Tags: Insana | Fed | rate | hikes

Ron Insana: Fed Would Do Well to Remain 'Patient' on Hiking Rates

By    |   Wednesday, 18 March 2015 07:20 AM

Financial markets are full of speculation that the Federal Reserve will remove the word "patient" from its policy statement Wednesday when describing its stance toward raising interest rates.
 
Many Fed watchers say that would open the door for the central bank to raise rates in June. But CNBC commentator Ron Insana recommends that the Fed maintain its caution.
 
The Fed has kept its federal funds rate target at a record low of zero to 0.25 percent since December 2008.
 
"[Some] key metrics of economic stability do not yet warrant a rate hike," Insana writes in a commentary for CNBC.
 
Inflation still remains far from the Fed's 2 percent target, he notes. The Fed's favored inflation gauge rose only 0.2 percent in the year through January.
 
And, "the dollar, which has rallied 20 percent since last June, is doing the Fed's tightening work for it," he argues. "A 20-percent rally in the dollar has the growth-dampening effect of a full percentage point increase in interest rates."
 
Bottom line: "the economy is not normal, hence policy should not yet be normalized," Insana says.
 
"Until the economy is firing on all cylinders, inflation is moving back toward target and everyone experiences the benefits of improvements in the economy, the Fed can easily afford to remain patient, but it appears too many people lack patience with the Fed and would rather see rates start moving up than the economy complete its recovery."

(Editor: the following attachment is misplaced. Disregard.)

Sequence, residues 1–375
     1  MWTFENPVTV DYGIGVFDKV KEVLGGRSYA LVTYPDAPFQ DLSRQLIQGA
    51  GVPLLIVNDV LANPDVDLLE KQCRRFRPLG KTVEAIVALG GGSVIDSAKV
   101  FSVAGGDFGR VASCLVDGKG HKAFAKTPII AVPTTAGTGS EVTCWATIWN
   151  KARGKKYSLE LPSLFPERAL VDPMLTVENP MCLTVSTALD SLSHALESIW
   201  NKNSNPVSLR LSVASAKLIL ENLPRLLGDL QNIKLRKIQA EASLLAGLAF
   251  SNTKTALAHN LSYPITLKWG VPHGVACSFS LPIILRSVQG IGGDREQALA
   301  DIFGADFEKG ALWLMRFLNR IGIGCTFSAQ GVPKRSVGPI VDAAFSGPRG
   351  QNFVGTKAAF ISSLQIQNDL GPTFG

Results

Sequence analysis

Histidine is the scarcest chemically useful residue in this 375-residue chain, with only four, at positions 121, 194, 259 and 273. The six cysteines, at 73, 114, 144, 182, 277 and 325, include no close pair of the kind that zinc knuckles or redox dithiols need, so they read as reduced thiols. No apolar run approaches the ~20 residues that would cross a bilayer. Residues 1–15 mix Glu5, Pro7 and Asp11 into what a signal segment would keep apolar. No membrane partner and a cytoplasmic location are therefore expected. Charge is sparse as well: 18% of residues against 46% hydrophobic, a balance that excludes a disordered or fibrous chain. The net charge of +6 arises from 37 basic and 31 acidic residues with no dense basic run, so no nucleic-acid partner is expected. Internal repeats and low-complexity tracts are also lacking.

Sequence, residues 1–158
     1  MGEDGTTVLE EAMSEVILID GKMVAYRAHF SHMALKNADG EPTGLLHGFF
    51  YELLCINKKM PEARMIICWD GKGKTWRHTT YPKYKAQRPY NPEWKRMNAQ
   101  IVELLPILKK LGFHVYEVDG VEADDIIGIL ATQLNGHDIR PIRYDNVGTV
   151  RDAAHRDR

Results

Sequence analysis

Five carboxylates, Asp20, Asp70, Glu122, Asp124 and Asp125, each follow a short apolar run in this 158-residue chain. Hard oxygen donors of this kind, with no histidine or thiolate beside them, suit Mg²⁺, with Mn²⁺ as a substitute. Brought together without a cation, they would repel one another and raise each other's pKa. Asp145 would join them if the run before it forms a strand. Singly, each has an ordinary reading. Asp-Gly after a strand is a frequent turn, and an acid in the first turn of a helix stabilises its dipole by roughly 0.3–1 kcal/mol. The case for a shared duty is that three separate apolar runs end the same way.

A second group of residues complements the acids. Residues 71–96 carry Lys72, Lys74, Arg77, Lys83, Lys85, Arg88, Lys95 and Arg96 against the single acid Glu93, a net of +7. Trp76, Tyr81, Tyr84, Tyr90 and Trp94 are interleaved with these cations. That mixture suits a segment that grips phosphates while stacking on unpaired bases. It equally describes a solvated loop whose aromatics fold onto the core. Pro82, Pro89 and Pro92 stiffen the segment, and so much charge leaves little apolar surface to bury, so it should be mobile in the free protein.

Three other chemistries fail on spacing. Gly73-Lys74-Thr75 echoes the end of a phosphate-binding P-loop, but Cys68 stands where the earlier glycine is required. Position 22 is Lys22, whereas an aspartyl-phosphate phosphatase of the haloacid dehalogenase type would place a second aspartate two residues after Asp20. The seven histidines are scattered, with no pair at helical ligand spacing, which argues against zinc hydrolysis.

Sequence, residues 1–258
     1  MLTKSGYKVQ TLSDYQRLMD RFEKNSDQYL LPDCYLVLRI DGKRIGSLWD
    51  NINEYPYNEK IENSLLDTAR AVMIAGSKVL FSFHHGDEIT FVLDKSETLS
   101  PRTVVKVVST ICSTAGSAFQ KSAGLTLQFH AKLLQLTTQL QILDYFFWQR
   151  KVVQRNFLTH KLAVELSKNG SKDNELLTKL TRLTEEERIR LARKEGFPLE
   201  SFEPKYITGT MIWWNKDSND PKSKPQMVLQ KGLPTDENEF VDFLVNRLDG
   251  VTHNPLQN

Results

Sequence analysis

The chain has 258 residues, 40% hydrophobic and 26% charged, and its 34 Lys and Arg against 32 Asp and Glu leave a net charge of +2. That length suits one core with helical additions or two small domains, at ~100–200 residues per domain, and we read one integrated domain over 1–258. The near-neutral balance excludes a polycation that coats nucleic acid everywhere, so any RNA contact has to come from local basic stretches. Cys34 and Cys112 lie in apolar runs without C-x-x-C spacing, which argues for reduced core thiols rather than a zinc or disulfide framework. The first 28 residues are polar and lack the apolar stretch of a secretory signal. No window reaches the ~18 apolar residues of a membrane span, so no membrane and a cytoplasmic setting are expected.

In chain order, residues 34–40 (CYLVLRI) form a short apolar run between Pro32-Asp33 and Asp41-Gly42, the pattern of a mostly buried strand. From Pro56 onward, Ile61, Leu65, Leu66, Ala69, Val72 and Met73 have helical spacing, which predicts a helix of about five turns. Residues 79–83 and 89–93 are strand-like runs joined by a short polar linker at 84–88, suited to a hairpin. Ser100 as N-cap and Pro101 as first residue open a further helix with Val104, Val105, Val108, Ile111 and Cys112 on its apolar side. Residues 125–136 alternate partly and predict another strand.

Some analysts expect economic growth to slow this quarter from 2.2 percent last quarter.
 
Fortune Senior Editor Stephen Gandel agrees with Insana. He offers several reasons why the Fed "is not going to raise rates anytime soon (or at least not as soon as June, or even this summer)."
  • "The job market is weaker than it looks." he writes. The unemployment rate slipped to an almost-seven-year low of 5.5 percent in February. And non-farm payrolls rose 295,000, representing the 12th straight month with a gain of at least 200,000. That's the longest such streak since 1995. But average hourly wages rose only 2 percent in the 12 months through February. And the labor participation rate totaled only 62.8 percent last month, barely above the 37-year low 62.7 percent.
  • "A strong dollar will slow exports." The greenback has risen to multi-year highs against a range of currencies in recent weeks. An ascendant dollar hurts U.S. exports by making them more expensive in foreign currency terms. It also hurts U.S. corporate earnings, both by dampening exports and by lessening the value of companies' foreign revenue when translated into dollars.
Related Stories:

© 2020 Newsmax Finance. All rights reserved.


   
1Like our page
2Share
StreetTalk
Financial markets are full of speculation that the Federal Reserve will remove the word "patient" from its policy statement Wednesday when describing its stance toward raising interest rates.
Insana, Fed, rate, hikes
425
2015-20-18
Wednesday, 18 March 2015 07:20 AM
Newsmax Media, Inc.
 
Newsmax TV Live

Newsmax, Moneynews, Newsmax Health, and Independent. American. are registered trademarks of Newsmax Media, Inc. Newsmax TV, and Newsmax World are trademarks of Newsmax Media, Inc.

NEWSMAX.COM
MONEYNEWS.COM
© Newsmax Media, Inc.
All Rights Reserved